Composting - the circular economy starts at home.

My two bin composting system

The Covid-19 pandemic has forced many households to look at how they can operate more sustainably and reduce the need to venture outside the safety of their home "bubble". During my last visit to a local garden centre before Level 4, I was pleasantly surprised that there had been great demand for vegetable plants. Obviously growing food at home was seen as an essential element of  lock down self-sufficiency.

It is great to see more people wishing to grow their own food, as it such a rewarding thing to do. Food that is harvested fresh from a home garden has so many advantages compared to supermarket bought produce:
  • You know where it has come from 
  • The food miles or carbon foot print needed to get it to you are minimal
  • You can grow produce that is not common in supermarkets (gooseberries, rhubarb, heritage varieties...)
  • Fully ripened, freshly harvested produce tastes so much better than store bought
  • More health giving nutrients are contained in fresh food than produce that has often been harvested a week or more before (B and C vitamins degrade when exposed to air, heat and light).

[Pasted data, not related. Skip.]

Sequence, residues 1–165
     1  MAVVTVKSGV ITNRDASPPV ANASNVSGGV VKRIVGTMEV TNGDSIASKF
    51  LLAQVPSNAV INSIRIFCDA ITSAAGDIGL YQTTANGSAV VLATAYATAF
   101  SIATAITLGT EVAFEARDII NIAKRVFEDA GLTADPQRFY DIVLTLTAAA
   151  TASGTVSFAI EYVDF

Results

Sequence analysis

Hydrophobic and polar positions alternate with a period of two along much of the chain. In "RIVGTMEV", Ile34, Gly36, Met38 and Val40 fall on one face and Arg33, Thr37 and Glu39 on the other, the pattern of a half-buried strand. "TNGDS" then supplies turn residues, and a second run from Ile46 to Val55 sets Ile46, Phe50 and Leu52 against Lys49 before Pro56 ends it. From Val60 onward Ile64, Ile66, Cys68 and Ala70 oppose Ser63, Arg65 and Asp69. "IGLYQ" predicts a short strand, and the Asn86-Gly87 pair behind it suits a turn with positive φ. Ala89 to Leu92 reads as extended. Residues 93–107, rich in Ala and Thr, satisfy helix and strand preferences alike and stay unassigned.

It is easy to grow food in any sized property, whether you have a large garden or tiny flat, all you need is soil, water and sunlight. In a smaller property with very restricted space containers or pallets can be used. 

With a large property you can build a mini market garden with an extensive variety of fruit and vegetables.

Our veggie garden, early spring planting and sowing

 Summer growth
Summer harvest

Autumn harvest

Growing your own food can be as simple or as complex as you like, however, the more you invest in it, the more food you can grow. There are a number of variables that can limit production, some can be controlled and others can't. Plants need sunlight, warmth, soil and water to thrive and optimising each of these supports the growth and health of a plant. Sunlight, warmth and water are a case of accepting what is naturally provided and adding to that if possible. If you have pots you can move them around to capture more sun, you can put plants inside or use a greenhouse to increase warmth and providing more water is generally straight forward (unless you have a drought). Of the four elements, providing good soil is the most complex.

If you have ample sunlight, water and warmth, it is the quality of your soil that then determines plant health and there are a multitude of variables that need to be taken into account:
  • Soil pH is the acidity or alkalinity of the soil and this can vary a lot depending on the geology of your area or past land use. Most plants thrive in a pH range of 5.5-7.5, but some plants prefer more acid soils  and some prefer slightly more alkaline soils